On January 12, 2010, a catastrophic earthquake, magnitude 7.0 M, struck the Caribbean nation of Haiti, with its epicenter in the most populated part of the country, approximately 16 miles west of its capital, Port-au-Prince.
Approximately 250,000 residences and 30,000 commercial buildings collapsed or were severely damaged. Much of the country’s infrastructure was damaged or destroyed, including electrical networks, communication systems, government offices, airports, roads, ports, hospitals and over 50% of the country’s schools.
The loss of human life has been incalculable. The devastation was so great and the needs of the living so dire in the days following, that an accurate count of the number killed is unavailable. Estimates varied widely, but 160,000 casualties has become the accepted figure.
Many countries and charitable organizations stepped up right away to help with relief efforts. But, the chaos of a country torn apart along with the extreme poverty of the nation prior to the earthquake created an extraordinarily difficult environment for rescue workers and organizations. The Port-au-Prince airport had a single runway and 10 spaces for large planes, limiting the ability to receive much-needed supplies. The United Nations and United States coordinated to manage airport congestion so that planes from around the world could deliver their goods. Over 20 countries provided military personnel, with Canada, the United States and the Dominican Republic providing the largest contingents.
Countries worldwide committed hundreds of millions of dollars, with the U.S. pledging $3.1 billion in humanitarian aid.
Still, the effort to rebuild Haiti has been slow. One year after the earthquake, relief and recovery activities were at a halt because of government inaction and indecision by donor countries. By 2012, two years after the quake, half a million Haitians remained homeless. By 2013, only a small part of funds pledged had been spent on new, permanent housing, with much of the released funds having been used for temporary shelter, such as tent camps. More than 270,000 Haitians were still living in over 300 camps, many without functioning toilets or access to healthcare. Access to water and sanitation remain a significant problem throughout the country. The disastrous conditions caused the worst outbreak of cholera since an epidemic in the Democratic Republic of the Congo in 1994, with more than 650,000 cases in the first six months of 2013, and more than 8,000 deaths. In 2013, the American Red Cross said that nearly all the money collected for the relief efforts had been spent or was committed to the development of new homes and building a new hospital.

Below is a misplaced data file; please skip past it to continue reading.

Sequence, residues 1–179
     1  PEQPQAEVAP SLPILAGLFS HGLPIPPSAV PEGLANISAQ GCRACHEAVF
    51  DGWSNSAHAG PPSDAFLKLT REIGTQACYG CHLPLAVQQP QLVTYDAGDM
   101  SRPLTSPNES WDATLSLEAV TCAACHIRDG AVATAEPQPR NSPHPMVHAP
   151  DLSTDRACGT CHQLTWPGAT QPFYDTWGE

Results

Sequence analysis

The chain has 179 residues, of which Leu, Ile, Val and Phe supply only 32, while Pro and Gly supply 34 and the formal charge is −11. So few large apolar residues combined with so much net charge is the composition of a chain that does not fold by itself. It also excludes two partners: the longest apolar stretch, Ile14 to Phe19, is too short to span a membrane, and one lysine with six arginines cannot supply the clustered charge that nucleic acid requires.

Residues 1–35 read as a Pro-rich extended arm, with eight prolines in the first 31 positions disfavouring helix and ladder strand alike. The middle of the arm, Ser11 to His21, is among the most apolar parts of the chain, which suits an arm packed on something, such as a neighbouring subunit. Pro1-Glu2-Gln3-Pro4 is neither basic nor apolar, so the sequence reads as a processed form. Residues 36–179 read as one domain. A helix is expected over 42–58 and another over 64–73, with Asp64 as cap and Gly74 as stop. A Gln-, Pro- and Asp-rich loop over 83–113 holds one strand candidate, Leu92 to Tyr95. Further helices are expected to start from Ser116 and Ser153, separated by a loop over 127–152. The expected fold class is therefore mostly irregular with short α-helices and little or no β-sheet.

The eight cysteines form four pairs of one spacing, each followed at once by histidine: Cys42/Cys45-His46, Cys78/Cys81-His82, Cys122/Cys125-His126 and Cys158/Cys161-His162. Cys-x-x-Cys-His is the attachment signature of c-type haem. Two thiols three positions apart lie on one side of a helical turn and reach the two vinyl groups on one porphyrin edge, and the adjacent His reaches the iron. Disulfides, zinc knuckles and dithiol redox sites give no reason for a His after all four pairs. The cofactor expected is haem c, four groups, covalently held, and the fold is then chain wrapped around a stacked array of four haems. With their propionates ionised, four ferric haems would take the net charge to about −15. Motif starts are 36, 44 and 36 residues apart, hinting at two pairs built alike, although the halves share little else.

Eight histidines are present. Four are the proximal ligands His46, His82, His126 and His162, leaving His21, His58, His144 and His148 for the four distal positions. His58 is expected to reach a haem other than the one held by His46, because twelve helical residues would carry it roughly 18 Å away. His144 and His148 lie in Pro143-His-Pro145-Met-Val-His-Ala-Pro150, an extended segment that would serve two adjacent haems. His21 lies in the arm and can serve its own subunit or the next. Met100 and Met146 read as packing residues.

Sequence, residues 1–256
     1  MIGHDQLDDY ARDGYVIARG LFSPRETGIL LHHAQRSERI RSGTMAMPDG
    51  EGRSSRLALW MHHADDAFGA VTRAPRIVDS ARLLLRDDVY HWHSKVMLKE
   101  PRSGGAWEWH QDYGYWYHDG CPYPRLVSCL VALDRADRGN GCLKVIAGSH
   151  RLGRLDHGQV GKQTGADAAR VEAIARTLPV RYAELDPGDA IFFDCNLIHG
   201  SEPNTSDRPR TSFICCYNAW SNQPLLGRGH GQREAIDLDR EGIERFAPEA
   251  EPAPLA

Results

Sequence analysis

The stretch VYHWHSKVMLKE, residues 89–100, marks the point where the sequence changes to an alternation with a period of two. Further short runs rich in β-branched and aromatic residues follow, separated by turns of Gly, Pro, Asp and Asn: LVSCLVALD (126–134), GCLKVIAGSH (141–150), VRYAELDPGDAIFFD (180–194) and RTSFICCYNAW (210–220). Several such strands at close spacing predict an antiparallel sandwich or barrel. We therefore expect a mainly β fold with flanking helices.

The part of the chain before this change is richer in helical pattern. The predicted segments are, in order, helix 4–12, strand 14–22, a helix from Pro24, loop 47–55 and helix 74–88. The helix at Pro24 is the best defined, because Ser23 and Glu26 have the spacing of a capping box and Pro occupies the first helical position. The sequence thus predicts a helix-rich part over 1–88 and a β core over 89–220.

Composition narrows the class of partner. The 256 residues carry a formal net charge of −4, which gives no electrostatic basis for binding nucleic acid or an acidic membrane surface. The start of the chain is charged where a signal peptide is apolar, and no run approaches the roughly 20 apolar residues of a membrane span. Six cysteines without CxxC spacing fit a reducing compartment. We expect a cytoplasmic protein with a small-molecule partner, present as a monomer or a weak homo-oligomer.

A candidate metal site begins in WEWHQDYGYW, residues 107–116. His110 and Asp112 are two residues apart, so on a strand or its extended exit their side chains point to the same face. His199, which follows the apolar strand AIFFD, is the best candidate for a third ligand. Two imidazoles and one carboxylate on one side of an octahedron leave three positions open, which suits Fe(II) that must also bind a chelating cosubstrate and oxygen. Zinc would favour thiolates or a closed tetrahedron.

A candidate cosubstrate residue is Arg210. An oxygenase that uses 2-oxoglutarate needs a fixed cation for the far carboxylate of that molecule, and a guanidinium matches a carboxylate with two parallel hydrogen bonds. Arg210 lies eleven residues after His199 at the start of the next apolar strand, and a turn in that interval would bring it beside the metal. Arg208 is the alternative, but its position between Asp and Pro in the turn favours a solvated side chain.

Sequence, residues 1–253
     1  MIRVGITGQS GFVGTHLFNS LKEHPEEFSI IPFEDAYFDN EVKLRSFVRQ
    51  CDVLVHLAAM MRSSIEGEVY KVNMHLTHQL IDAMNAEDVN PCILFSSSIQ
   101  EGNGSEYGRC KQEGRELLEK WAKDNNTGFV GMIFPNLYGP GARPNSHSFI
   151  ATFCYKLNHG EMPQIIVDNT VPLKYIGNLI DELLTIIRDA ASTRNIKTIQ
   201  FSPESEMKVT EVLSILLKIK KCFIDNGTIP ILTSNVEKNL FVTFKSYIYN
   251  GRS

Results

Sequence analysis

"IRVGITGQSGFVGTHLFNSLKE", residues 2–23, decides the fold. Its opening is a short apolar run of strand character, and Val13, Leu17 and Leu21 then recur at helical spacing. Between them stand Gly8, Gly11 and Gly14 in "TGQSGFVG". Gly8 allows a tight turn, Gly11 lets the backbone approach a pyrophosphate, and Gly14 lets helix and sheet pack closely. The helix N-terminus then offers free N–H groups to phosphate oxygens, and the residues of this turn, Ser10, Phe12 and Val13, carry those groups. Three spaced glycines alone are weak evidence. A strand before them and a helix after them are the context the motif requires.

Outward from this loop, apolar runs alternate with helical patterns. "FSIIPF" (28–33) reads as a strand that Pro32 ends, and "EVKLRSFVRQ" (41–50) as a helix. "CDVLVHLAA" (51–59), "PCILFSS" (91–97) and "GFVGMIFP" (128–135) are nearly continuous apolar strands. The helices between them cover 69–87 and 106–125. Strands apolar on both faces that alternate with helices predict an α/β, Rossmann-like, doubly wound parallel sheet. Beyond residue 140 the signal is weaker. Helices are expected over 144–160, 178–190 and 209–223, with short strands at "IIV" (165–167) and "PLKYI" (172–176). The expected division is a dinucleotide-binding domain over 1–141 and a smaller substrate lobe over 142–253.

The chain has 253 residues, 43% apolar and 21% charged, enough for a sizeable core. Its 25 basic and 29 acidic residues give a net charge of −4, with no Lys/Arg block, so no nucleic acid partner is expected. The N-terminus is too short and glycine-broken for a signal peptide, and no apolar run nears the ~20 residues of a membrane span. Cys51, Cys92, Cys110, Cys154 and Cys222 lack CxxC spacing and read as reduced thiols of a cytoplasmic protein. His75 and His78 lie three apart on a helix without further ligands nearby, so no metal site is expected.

In August, 2014, nearly 5 years after the earthquake, the World Health Organization reported that more than 104,000 Haitians remain in tent camps. Food insecurity and malnutrition is a major problem, with more than 2.5 million persons affected and 404,000 in need of immediate humanitarian assistance. Over 100,000 children are affected by Global Acute Malnutrition.
Aiding a Nation’s Recovery, One Child at a Time
The small piece of land on which No Place Like Home was built was originally intended for a Bible Institute. But as witnesses to this horrific event, the Alexandres accepted their new calling to build an orphanage instead. Since 2010, they, along with their many supporters have toiled to establish a warm and safe environment for the orphans of Haiti. Those efforts and their milestones were not achieved easily. Read the history of No Place Like Home.
No Place Like Home, which provides orphaned children shelter from the dangerous streets of Haiti, as well as food, clothing and a Christian-based education, continues its efforts to grow and expand its capabilities to serve more children. Learn how you can help the orphans of Haiti.
Find out more about the 2010 Haiti earthquake and the challenge of recovery efforts from these sources: